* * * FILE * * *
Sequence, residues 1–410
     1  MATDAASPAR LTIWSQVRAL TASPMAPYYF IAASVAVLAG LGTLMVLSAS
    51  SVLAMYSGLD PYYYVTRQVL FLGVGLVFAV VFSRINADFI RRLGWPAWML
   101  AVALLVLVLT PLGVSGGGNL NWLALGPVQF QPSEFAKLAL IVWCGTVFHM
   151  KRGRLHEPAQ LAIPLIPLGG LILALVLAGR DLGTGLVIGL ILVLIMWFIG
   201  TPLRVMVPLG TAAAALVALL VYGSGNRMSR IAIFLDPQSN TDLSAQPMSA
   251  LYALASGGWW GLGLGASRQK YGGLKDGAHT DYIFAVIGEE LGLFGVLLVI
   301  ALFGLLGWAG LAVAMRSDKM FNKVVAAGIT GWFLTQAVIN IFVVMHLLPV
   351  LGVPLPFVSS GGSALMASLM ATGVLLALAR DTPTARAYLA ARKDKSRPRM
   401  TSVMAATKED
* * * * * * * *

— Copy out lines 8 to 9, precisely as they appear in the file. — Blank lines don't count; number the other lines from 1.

   301  ALFGLLGWAG LAVAMRSDKM FNKVVAAGIT GWFLTQAVIN IFVVMHLLPV
   351  LGVPLPFVSS GGSALMASLM ATGVLLALAR DTPTARAYLA ARKDKSRPRM